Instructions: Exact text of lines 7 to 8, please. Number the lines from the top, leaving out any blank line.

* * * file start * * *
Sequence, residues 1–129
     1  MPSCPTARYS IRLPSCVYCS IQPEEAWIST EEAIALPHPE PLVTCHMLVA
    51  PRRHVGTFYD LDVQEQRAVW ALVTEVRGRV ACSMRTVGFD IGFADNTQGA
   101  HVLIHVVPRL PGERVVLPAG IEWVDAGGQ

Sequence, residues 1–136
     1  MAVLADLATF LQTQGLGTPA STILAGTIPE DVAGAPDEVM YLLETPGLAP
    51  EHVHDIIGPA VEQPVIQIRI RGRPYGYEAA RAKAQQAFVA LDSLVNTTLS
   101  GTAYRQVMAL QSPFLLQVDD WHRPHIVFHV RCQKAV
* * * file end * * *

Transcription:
    51  EHVHDIIGPA VEQPVIQIRI RGRPYGYEAA RAKAQQAFVA LDSLVNTTLS
   101  GTAYRQVMAL QSPFLLQVDD WHRPHIVFHV RCQKAV